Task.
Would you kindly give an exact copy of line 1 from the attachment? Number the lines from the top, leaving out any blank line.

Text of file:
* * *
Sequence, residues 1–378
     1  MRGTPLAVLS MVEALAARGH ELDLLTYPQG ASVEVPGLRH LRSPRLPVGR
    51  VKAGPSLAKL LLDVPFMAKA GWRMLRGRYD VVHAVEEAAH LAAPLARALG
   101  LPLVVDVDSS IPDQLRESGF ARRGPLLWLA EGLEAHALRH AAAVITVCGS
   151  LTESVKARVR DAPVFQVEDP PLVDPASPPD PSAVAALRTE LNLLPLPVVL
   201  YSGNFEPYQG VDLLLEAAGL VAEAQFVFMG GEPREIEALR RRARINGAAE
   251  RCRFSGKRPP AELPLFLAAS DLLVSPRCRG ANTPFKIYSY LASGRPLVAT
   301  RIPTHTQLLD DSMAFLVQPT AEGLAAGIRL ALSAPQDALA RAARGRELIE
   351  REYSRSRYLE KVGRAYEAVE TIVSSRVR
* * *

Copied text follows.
Sequence, residues 1–378